28. Grab a tissue or two. If your baby loves pulling tissues out of the box, let him! For a few cents, you've got sensory playthings that he can crumple or smooth out. Hide small toys under them, and thrill your tot when you "find" them again.
29. Get touchy-feely. Keep a box of different-textured fabrics: silk, terrycloth, wool, and linen. Gently rub the cloths on your baby's cheek, feet, and tummy, describing the way each feels.
30. Feel your way. Walk around the house with your babe in arms, and touch his hand to the cool window, some soft laundry, a smooth plant leaf, and other safe objects, labeling items as you go.
31. Let your child play with her food. When she's ready, serve foods that vary in texture -- including cooked peas, cereal, pasta, or chunks of cantaloupe. She'll get to practice her pincer grasp and explore her senses.
Teach Language and Counting
32. Take a cue from Sesame Street. Dedicate each week to a letter of the alphabet. For instance, read books that start with A, eat A foods, cut up snacks into that shape, and write the letter on your sidewalk with chalk.
33. Count everything. Count how many blocks your toddler can stack. Or the number of steps in your house. Or his fingers and toes. Make a habit of counting out loud, and soon he'll join in.
34. Read books. Again and again! Scientists have found that babies as young as 8 months can learn to recognize the sequence of words in a story when it's read 2 or 3 times in a row -- this is believed to help them learn language.
35. Tell tall tales. Choose her favorite story -- replace the main character with her name to make it fun.
36. Go to the library. Take advantage of storytime, puppet shows, and rows and rows of books.
Baby Sign Language: Alphabet
37. Make a family album. Include photographs of relatives near and far, and flip through it often to build your child's memories. When Grandma calls, show him her picture as he listens on the phone.
38. Create a zoo book. On your next visit, take photos of favorite animals to include in an album. Later, "read" it together, naming all the familiar creatures or adding animal sounds and stories.
39. Put her in the spotlight. Together, watch old home videos of your baby enjoying her first bath, learning to roll over, playing with Grandpa . . . Narrate the story to build language and memory.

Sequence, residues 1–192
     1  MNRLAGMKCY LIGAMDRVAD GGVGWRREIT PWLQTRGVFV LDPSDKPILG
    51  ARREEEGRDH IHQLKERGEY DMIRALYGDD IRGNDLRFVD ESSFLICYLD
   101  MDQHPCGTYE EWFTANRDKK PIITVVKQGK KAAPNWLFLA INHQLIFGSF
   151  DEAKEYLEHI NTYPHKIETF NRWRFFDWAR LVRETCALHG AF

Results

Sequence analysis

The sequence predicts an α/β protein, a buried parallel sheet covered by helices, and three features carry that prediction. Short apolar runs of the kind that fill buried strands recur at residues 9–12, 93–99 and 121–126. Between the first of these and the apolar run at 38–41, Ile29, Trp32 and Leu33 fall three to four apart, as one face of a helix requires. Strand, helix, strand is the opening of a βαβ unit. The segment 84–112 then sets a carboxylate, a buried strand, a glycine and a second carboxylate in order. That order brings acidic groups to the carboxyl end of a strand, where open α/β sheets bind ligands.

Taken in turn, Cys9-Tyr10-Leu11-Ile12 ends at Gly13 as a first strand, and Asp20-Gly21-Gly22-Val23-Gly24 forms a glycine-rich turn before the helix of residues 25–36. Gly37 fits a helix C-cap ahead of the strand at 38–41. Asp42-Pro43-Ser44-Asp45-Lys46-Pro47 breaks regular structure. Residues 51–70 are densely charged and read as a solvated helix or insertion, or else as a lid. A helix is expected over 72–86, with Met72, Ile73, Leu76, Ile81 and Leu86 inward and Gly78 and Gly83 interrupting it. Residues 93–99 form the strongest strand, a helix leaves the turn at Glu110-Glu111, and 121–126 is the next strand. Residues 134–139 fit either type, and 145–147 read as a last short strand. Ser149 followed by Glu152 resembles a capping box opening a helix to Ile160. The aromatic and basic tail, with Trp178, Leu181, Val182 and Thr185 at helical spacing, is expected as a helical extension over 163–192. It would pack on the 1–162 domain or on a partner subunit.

40. Make a mug-shot memory game. Take close-up pictures of all the impor- tant people in your child's life, get double prints -- and you've got a set of matching cards. Lay them faceup on the floor, and help her find the two that are alike. As she gets older, you can alter the memory game by starting with the photos facedown.
Tips for Toddlers
41. Make more out of storytime. Point out little details in the pictures, and ask your toddler questions, ranging from the abstract ("Why do you think he doesn't want to try green eggs and ham?") to the concrete ("Have you ever seen a white dog?").
42. Play in the rain. Jump in puddles. Sit in wet grass together. It's a fun, albeit messy, way of learning about wet and dry.
43. Let him be the boss (sometimes). Build confidence by giving your toddler a choice between two items whenever possible: different-colored bowls at mealtime, for instance. He'll learn that his decisions count -- and get practice naming his colors.
44. Dress up. Let your toddler play with some of Dad's old shirts. Dig out old winter hats, scarves, or orphaned gloves. Put yourselves in pretend situations, and see where his creativity and imagination take you.
45. Play it again, Sam. Dig out the box of your toddler's old rattles and mirrored baby toys. You'll be amazed at the new ways he finds to play with them.
46. Talk feelings through. Cuddle up at bedtime, and ask your child what made him happy or sad that day. What made him angry -- or proud? You'll help him recall the day, understand the past tense, and label his emotions. This is an activity to keep up -- right until he heads off to college.
47. Hunt bugs. Look at pictures of harmless insects (ladybugs, crickets, butterflies) in a book or magazine, then go to the park to find some.
48. Wear rose-colored glasses. (Or yellow or blue.) Pick a color, and ask your toddler if he can spot it when you go on a walk or car ride together. Then let him pick a color for you to hunt.
49. Put your kid to work. Little tots can help sort laundry into darks and whites. Your child may even be able to pick out which clothes belong to her.
50. Speak volumes. Gather a few different-size cups or plastic containers, and let your child pour water from one to another at her next bath. Sometimes she'll pour too much, other times too little. Talk about which cups are bigger and which are smaller.
All content, including medical opinion and any other health-related information, is for informational purposes only and should not be considered to be a specific diagnosis or treatment plan for any individual situation. Use of this site and the information contained herein does not create a doctor-patient relationship. Always seek the direct advice of your own doctor in connection with any questions or issues you may have regarding your own health or the health of others.